Social implications

The essay suggests that as accountants the authors might think to approach the counter-accounts with a lower level of resolution: one that is directed towards a more challenging notion of what it is to be human.

Originality/value

Whilst building upon the growing sophistication in the understanding of (new) accounts and responding to the emerging literatures on biodiversity, species extinction and utopian vision the authors offer what the authors believe to be a unique suggestion in the accounting literature about the extinction of mankind.

Details

Accounting, Auditing & Accountability Journal, vol. 31 no. 3
Type: Research Article
ISSN: 0951-3574

Keywords

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Article
Publication date: 15 February 2008

Markus Milne, James Guthrie and Lee Parker

This editorial seeks to reflect on seven contributions to this AAAJ special issue and on the interdisciplinary accounting, auditing and accountability movement and its…

Abstract

Purpose

This editorial seeks to reflect on seven contributions to this AAAJ special issue and on the interdisciplinary accounting, auditing and accountability movement and its future directions. The seven papers were invited plenary contributions to the APIRA 2007 conference, which in part served to celebrate 20 years of AAAJ. The important role of academic researchers is highlighted in not simply observing, but also in engaging in and constructing an enabling accounting. The contribution of scholarly research to knowledgeable debates about an enabling accounting for society and the sustainability of the planet is discussed.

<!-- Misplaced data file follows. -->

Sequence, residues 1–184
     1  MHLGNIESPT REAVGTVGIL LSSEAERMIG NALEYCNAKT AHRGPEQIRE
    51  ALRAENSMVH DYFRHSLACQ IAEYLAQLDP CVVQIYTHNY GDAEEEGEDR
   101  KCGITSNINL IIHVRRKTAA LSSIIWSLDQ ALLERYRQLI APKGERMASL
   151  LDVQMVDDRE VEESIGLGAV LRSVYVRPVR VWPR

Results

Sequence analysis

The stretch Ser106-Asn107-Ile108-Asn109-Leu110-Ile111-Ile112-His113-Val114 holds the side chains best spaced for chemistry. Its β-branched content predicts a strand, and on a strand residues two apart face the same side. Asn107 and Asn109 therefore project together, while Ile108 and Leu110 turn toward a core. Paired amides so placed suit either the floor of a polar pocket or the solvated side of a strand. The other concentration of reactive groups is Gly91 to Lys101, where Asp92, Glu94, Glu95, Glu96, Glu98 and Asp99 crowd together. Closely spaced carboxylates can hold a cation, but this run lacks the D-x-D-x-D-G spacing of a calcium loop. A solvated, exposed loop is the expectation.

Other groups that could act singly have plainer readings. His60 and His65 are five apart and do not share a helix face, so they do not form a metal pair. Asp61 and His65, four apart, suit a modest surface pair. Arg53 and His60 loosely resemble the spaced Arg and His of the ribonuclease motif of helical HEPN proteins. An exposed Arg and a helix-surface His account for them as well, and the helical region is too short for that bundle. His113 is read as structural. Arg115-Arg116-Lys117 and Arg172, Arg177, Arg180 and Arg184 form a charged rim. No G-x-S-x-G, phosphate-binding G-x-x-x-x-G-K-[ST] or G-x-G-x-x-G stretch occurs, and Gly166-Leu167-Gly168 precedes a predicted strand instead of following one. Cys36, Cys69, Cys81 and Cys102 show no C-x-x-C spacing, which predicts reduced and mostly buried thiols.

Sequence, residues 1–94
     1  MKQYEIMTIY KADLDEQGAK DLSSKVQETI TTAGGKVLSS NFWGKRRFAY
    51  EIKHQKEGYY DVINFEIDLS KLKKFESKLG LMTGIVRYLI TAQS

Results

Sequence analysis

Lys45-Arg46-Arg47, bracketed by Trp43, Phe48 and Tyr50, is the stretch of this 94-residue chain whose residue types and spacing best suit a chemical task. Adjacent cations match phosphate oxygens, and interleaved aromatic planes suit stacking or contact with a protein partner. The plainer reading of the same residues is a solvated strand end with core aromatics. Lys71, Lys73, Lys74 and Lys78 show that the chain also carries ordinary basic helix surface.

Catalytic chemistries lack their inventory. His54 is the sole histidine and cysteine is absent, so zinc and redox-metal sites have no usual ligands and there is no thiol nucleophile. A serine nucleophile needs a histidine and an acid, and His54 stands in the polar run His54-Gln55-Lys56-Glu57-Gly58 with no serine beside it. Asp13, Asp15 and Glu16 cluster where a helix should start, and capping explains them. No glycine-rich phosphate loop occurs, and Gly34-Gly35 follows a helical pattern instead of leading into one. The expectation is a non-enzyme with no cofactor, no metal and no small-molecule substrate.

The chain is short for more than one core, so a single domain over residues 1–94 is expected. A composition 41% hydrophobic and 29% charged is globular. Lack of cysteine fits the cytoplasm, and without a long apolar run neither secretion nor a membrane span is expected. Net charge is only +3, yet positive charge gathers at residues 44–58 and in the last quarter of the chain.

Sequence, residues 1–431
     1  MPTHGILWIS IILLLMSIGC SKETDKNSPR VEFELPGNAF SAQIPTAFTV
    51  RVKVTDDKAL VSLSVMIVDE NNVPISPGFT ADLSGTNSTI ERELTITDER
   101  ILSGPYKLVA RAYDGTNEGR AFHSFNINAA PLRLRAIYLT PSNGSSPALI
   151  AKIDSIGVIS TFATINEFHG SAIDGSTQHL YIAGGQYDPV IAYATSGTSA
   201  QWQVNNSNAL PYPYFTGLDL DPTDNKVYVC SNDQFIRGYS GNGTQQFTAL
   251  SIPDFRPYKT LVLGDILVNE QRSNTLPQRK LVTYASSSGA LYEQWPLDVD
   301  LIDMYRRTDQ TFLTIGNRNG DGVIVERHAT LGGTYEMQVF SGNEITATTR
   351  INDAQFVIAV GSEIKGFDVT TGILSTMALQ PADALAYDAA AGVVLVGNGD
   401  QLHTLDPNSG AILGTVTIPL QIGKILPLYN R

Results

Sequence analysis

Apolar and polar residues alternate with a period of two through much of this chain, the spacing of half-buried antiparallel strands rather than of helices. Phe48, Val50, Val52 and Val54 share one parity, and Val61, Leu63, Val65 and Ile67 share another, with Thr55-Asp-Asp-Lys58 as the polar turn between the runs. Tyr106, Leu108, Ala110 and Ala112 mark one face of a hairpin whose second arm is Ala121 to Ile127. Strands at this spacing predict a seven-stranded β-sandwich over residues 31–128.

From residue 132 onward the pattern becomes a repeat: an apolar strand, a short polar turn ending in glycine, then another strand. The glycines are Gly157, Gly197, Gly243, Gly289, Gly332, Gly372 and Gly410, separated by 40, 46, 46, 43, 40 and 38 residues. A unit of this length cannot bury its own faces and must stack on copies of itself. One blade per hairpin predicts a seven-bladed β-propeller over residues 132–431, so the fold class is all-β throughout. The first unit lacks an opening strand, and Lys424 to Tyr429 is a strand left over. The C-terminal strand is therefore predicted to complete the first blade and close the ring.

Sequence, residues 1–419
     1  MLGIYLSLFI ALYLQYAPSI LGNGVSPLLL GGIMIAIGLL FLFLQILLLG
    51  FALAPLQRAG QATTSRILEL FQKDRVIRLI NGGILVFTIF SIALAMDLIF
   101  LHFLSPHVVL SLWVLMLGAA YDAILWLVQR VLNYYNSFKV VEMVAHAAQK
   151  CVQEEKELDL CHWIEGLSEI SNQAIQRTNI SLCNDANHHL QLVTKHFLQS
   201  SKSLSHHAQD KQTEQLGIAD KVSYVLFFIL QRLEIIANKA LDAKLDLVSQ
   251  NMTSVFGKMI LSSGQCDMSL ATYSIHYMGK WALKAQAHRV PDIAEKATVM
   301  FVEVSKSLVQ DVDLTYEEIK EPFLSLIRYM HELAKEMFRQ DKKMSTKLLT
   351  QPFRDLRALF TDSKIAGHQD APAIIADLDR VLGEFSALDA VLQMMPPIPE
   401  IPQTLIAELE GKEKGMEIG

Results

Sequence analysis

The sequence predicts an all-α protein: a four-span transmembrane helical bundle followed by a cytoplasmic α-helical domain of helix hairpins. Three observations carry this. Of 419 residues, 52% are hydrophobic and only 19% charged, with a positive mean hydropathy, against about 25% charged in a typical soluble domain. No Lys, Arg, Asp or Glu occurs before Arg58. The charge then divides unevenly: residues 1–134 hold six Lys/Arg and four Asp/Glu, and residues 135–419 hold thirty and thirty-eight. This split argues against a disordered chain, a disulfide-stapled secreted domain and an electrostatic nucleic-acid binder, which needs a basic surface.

Design/methodology/approach

The paper employs a literature‐based analysis and critique. The paper is primarily a discussion paper.

Findings

This editorial draws together the themes of papers in this AAAJ special issue, which point to the need for researchers to reflect on their motivation, use of theory and values to ensure that academic work is making a genuine contribution.

Research limitations/implications